However, there are a couple things still bugging me about it, but I feel they’re more for a polish stage, rather than actually trying to get something working. Namely, the selection doesn’t perfectly align with the underlying hexes, and the hexes themselves don’t align perfectly, likely a due to rounding errors.

The second thing I started working on better generation of the map. As one of the things I want is an infinite map, generating it on the fly will need to happen, because it’s computationally (read: impossible) to pre-generate and store everything. My plan is to generate approximately window sized “round” chunks, try to reconcile the edges with their neighbours (which I’m thinking is going to be harder than I assume) and then add them to the ever growing map.

As an aside, I’d also like to blog some about the project I started in Panda3D, a re-implementation of SimCity 2000 for modern systems, with optional enhancements, and the reverse engineering I did to figure it out.

Not NaNo Day 1

My GitHub repo is called panda3d-game, because I’d originally intended to use Panda3D as the game engine due to wanting to get to know it better for another project. But I decided to not attempt full isometric right off the bat and rather do top down. Panda3D is a 3D engine, and doing 2D stuff with it was sort of painful.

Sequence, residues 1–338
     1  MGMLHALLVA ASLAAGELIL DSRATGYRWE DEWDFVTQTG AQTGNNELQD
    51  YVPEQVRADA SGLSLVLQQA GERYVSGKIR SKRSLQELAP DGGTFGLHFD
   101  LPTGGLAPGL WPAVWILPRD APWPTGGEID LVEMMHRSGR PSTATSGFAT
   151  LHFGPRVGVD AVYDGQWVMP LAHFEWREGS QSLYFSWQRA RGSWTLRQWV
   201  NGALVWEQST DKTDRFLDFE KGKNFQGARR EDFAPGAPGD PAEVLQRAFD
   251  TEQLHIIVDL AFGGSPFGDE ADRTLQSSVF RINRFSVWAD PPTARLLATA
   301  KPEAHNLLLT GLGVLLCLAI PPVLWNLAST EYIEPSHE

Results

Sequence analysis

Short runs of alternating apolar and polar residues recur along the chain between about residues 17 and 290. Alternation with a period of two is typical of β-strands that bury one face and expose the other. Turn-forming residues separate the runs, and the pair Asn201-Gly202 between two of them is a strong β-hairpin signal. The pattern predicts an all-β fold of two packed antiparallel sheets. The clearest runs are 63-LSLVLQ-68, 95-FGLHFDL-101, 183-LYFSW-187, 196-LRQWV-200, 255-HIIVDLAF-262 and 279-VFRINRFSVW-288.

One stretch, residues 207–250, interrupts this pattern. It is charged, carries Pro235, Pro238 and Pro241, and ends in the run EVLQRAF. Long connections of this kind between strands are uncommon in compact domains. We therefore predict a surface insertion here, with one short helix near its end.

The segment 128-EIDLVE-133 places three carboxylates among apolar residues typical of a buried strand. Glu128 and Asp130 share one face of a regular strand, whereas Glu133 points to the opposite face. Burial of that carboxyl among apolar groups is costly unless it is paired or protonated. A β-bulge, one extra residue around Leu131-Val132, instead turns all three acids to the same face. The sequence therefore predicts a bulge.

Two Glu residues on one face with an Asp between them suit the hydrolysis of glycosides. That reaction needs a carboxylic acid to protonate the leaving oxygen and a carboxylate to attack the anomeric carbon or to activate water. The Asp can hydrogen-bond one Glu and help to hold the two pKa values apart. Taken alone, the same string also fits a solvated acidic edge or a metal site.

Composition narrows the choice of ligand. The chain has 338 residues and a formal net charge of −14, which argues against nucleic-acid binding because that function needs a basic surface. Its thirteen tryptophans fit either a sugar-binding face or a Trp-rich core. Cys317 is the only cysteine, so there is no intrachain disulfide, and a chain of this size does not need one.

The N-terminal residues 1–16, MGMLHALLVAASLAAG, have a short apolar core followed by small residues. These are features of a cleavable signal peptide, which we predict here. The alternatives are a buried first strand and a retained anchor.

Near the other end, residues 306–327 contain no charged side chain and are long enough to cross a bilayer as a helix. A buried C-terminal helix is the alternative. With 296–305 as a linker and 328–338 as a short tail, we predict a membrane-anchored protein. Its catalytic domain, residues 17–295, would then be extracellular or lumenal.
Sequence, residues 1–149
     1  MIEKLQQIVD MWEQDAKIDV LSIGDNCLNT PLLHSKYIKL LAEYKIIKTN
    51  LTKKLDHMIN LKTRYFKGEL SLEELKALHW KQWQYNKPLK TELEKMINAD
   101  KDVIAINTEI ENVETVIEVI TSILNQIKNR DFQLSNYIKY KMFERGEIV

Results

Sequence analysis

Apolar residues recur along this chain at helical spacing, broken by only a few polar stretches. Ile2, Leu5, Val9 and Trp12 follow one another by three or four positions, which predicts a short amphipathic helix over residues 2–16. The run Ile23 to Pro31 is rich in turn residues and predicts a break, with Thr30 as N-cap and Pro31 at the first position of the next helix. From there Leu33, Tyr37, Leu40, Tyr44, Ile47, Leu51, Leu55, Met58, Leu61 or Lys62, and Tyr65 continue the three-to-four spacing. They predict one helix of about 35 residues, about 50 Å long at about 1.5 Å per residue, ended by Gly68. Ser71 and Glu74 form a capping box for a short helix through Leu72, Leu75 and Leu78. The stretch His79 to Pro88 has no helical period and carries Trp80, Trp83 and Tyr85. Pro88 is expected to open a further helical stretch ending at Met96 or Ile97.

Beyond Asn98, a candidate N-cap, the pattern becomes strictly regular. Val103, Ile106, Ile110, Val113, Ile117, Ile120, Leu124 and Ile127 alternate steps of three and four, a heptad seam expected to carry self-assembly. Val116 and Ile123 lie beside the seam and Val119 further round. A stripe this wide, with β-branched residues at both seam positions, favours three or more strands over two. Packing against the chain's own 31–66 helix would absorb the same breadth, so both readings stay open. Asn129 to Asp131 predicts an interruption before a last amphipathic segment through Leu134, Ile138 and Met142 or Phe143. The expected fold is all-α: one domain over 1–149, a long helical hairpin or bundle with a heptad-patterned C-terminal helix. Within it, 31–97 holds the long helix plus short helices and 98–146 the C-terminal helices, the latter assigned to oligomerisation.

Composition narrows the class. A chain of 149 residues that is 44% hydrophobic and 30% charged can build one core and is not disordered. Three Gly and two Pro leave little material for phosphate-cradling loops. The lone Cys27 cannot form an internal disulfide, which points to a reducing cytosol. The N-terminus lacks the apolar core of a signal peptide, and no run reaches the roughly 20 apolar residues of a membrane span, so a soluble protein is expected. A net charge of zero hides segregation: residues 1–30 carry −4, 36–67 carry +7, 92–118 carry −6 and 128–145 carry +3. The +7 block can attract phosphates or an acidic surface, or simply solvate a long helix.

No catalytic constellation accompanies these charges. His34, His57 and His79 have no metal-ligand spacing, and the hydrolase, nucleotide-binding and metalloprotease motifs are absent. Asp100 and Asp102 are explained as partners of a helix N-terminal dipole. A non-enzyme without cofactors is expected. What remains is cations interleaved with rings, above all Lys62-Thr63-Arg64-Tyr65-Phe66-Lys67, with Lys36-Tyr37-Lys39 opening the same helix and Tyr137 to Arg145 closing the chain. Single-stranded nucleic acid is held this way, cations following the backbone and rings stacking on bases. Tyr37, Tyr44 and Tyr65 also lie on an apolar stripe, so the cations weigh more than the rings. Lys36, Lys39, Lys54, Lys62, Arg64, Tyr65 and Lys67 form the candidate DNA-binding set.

First Hex Drawn.png
A single hex in Panda3D.

After fiddling with Panda3D, I decided to try out FIFE, but I couldn’t even get the examples running. I set myself a time budget of 90 minutes to get it working, and after I hadn’t, I decided to move on. Which is a shame, because it looks like it’d do basically everything I’d like it to be doing, and more.

In the past, I’ve looked at using Kivy/Kivent to do similar things, but it was a nightmare to get working properly, and after FIFE, I decided I didn’t want to sink more time into it. So I tried out the next choice, cocos2d. I was able to get examples running within minutes, so I decided to dive in further and see what I could come up with.

cocos2d hexes.png
Hexes in cocos2d, there are some alignment issues with them. The tiles don’t mean anything right now and are randomly generated. It sort of looks like Catan.

Within about three hours, I had some hexes displaying. I can’t scroll the view, and they have some alignment issues, but it’s certainly more progress than I made trying to bludgeon Panda3D into doing what I wanted. We’ll see if this ends up being the right choice.